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The sarong style wrap-skirt was very fun to make and I am happy that I was able to re-create what I envisioned, something not always achieved.  Sorry if I get a bit technical here but simple complexity is hard.  You see, when I think of sarong, I picture a skirt that is in 3D, meaning I see it as supposed to have flowing movement yet clinging drape.  All the reprints and reissues I see available did not fit the bill – they are all either merely side tie skirts with some sort of gathers or tucks to create drape and a simple back view but basically just plain skirts, still not the ultimate hottie level.  At first planning, I will confess, I was going to use something simple from on hand such as McCall’s 6519, from 2012, or a McCall’s 5430, from 2007, but after making the crop top I was left with only 1 ½ yards making all my chosen patterns no longer feasible, so I went for the self-draping route.  Since I do not have a mannequin I had to stand in front of our full length mirror with my pin box nearby and experiment with different tuck and dart placement and direction.  I did not cut into the fabric at all, merely stitched and manipulated one yard and a half cut (60 inches wide) into what you see.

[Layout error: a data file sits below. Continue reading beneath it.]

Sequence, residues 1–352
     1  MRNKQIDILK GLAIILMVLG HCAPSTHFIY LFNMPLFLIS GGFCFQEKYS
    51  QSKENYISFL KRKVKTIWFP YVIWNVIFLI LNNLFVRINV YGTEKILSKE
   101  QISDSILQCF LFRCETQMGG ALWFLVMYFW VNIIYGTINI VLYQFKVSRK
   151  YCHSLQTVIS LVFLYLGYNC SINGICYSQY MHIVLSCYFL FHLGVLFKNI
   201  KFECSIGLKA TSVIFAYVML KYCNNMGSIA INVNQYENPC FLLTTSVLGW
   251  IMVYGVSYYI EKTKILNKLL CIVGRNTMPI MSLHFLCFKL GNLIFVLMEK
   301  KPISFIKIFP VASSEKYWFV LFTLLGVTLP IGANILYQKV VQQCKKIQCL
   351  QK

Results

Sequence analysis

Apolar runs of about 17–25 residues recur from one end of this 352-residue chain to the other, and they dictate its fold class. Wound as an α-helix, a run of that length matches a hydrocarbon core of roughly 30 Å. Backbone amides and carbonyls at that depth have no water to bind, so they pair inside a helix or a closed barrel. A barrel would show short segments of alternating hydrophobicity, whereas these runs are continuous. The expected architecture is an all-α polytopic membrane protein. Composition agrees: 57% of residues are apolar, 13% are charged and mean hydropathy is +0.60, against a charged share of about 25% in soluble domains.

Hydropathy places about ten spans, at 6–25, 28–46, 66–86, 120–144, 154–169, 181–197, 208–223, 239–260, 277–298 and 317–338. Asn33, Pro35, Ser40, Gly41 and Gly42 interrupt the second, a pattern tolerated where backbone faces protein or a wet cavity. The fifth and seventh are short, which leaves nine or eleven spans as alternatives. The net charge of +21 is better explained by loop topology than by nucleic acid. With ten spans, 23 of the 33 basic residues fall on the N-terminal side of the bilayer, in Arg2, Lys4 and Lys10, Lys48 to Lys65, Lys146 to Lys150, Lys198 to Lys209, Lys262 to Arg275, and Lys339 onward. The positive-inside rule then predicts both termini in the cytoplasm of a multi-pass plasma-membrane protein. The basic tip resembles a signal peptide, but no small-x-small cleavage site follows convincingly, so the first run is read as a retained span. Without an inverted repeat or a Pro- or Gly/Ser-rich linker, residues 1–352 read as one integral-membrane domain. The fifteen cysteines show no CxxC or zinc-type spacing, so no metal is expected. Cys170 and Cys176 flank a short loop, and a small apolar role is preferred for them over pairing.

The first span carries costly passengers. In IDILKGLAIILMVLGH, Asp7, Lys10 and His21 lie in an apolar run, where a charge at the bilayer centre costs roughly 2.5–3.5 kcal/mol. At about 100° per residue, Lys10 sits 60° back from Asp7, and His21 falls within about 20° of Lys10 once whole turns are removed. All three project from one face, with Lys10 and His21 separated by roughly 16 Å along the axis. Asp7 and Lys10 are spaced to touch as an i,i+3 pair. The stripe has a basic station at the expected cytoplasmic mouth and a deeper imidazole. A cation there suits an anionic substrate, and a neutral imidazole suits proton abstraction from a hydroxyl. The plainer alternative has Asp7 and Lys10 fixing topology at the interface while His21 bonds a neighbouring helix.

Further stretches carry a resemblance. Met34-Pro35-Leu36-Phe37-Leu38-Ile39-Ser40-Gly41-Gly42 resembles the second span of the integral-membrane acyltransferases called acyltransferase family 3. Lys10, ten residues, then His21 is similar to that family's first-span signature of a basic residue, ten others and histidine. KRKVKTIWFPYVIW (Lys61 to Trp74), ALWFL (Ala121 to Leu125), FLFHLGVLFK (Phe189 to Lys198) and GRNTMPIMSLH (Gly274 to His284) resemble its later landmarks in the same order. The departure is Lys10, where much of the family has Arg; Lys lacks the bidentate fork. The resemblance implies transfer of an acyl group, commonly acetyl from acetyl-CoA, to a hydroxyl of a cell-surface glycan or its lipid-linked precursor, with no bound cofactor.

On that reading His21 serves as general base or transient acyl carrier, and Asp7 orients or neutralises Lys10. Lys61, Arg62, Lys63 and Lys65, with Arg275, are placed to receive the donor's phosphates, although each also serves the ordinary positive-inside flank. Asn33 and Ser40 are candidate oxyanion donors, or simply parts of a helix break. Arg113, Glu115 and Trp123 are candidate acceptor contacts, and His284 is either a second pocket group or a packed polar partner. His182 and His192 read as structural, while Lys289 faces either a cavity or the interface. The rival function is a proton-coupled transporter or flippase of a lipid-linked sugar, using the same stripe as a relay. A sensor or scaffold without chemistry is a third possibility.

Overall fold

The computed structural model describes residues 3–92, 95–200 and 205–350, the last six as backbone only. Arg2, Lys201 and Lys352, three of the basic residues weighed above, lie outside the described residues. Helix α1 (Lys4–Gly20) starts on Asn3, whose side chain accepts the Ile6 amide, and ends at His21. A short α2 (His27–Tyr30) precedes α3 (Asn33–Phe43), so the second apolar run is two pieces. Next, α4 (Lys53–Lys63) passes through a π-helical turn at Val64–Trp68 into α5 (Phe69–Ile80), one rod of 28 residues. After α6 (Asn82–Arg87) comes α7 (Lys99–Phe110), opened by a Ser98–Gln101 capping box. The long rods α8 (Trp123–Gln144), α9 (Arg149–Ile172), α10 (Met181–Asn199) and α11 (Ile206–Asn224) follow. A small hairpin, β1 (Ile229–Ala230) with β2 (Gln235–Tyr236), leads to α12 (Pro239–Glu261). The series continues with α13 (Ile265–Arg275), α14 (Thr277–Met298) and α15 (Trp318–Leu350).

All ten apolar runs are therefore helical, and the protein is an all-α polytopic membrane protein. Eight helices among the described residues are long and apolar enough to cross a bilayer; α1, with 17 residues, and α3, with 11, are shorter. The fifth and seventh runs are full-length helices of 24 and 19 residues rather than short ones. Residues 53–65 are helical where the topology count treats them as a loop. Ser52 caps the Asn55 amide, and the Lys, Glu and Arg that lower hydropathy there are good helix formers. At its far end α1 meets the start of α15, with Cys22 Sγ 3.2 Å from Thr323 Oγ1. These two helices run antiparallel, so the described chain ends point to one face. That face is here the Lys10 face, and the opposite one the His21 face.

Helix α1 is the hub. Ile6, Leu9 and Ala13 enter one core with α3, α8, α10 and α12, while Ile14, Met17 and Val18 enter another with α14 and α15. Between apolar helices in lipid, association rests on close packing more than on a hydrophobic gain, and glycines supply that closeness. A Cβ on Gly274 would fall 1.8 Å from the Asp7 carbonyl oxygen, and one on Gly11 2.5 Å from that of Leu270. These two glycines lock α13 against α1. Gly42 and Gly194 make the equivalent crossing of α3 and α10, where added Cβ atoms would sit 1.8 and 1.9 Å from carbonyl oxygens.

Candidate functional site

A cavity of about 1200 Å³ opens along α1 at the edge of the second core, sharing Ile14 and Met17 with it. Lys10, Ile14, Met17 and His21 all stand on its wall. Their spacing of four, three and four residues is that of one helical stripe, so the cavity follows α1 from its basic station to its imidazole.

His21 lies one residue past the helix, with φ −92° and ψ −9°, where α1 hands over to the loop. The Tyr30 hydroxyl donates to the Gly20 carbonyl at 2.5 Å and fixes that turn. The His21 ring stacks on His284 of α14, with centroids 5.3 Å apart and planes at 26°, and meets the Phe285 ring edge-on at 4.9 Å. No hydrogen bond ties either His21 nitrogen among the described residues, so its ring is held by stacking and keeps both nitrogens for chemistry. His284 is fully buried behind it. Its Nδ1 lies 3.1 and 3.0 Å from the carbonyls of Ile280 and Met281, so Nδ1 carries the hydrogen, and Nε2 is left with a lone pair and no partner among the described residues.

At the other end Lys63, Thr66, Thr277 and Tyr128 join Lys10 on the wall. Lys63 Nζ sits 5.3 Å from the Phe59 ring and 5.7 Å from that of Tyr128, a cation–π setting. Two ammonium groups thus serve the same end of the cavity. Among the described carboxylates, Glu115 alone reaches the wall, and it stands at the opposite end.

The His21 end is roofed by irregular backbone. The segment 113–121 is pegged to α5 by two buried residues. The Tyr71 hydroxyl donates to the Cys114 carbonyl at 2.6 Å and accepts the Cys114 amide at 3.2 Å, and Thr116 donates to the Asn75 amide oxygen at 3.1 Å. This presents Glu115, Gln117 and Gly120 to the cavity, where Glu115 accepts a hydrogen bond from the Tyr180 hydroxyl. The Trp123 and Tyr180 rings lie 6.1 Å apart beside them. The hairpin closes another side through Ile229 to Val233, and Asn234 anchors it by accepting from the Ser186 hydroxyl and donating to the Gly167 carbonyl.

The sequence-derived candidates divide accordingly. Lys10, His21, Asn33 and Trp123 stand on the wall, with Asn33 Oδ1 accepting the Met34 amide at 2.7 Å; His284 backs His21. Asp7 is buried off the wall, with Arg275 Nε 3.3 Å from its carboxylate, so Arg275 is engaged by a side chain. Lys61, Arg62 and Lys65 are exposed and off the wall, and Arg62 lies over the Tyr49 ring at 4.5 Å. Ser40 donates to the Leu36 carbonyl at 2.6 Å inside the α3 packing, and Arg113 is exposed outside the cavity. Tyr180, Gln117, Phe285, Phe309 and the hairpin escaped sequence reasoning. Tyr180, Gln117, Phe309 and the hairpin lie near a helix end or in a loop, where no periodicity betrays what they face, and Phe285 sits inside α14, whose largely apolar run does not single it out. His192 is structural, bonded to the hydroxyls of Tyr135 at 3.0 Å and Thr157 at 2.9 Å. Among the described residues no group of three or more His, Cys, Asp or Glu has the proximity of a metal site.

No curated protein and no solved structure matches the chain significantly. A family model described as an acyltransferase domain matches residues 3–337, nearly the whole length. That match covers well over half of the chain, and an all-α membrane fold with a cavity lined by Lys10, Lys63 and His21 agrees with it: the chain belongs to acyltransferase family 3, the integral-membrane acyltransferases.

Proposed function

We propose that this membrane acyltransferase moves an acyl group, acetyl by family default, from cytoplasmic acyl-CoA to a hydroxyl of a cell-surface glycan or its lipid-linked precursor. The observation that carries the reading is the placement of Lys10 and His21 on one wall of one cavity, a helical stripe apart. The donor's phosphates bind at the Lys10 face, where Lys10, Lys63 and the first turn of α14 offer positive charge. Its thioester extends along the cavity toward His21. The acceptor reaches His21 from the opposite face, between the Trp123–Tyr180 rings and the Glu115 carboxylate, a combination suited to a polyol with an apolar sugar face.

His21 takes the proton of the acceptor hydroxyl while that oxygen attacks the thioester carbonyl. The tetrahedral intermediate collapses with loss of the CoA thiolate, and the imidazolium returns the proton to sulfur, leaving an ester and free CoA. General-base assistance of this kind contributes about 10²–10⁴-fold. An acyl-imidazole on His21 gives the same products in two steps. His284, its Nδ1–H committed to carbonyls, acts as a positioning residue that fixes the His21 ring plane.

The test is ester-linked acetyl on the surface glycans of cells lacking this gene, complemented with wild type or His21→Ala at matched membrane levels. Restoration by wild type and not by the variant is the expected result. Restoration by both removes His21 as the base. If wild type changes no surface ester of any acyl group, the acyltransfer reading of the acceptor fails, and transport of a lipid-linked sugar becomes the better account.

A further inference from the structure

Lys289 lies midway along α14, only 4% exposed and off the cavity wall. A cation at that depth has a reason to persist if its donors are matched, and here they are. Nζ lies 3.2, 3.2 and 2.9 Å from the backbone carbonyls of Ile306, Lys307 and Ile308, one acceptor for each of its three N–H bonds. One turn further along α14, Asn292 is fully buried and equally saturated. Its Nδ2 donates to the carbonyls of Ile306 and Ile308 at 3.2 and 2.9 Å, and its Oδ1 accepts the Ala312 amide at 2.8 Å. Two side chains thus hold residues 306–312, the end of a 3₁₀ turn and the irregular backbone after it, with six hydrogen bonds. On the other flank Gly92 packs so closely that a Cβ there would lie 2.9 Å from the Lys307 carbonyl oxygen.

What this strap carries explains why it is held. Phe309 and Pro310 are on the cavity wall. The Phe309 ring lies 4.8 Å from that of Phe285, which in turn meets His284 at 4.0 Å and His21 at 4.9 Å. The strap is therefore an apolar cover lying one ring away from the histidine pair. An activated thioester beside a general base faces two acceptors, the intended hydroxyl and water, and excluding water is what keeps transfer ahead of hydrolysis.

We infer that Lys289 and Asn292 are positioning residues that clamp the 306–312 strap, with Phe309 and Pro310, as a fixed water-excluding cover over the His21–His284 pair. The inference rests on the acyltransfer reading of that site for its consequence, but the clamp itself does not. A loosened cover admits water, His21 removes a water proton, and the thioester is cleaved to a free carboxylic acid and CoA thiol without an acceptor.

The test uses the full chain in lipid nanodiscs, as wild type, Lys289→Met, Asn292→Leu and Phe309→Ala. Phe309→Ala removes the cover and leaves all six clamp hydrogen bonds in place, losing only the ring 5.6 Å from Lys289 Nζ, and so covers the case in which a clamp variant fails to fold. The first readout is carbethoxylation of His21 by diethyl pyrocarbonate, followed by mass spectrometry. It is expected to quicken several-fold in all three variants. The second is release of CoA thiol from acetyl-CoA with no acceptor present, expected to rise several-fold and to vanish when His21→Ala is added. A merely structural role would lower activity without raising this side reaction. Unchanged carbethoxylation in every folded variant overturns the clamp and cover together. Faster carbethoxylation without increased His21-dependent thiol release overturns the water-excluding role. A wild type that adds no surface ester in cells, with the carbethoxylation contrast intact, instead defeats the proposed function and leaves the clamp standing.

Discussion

100_3200a-compI will lay out my method of drafting the skirt as best I can so hopefully you can do the same if you’d like too!  First I chose which length would be the circumference of my waist and hemmed that edge.  Next, I found the center of that waist edge and figured that would be the back, then measured several inches out from that point to make some small (maybe ½ inch) darts for about 8 or less inches down.  Now the back of the skirt is done.  Next, I put the back up against myself and marked with pins what would be the side seam points on each side.  Then I started the experimental parts where adding a few small angled tucks to each side seam was successfully tested.  My tucks are angled opening up towards the back of the skirt – this brings in the skirt to gently shape under the booty and around and over the hips for an hourglass outline.  This step was hard to do.  I actually had to pin the waist100_3201-comp back to the top I was wearing that day so I could experiment with the darts.  After the waist sides were o.k. and top-stitched down, I worked on adding deeper tucks to the ends of the wrap.  These tucks are also sloping, between horizontal and vertical, and there are more on the end that is seen from the outside than on the end inside.  The front corners were softened to a rounded drape by merely turning in the bottom hem front points at an angle and simply taking them down.  To close the wrap inside is an elastic strap with a waistband hook (to make things semi forgiving), and on the outside a lovely olive green shell button with another loop of elastic.  Totally ready to be whipped on…or off if I need to just wear the skirted shorts underneath.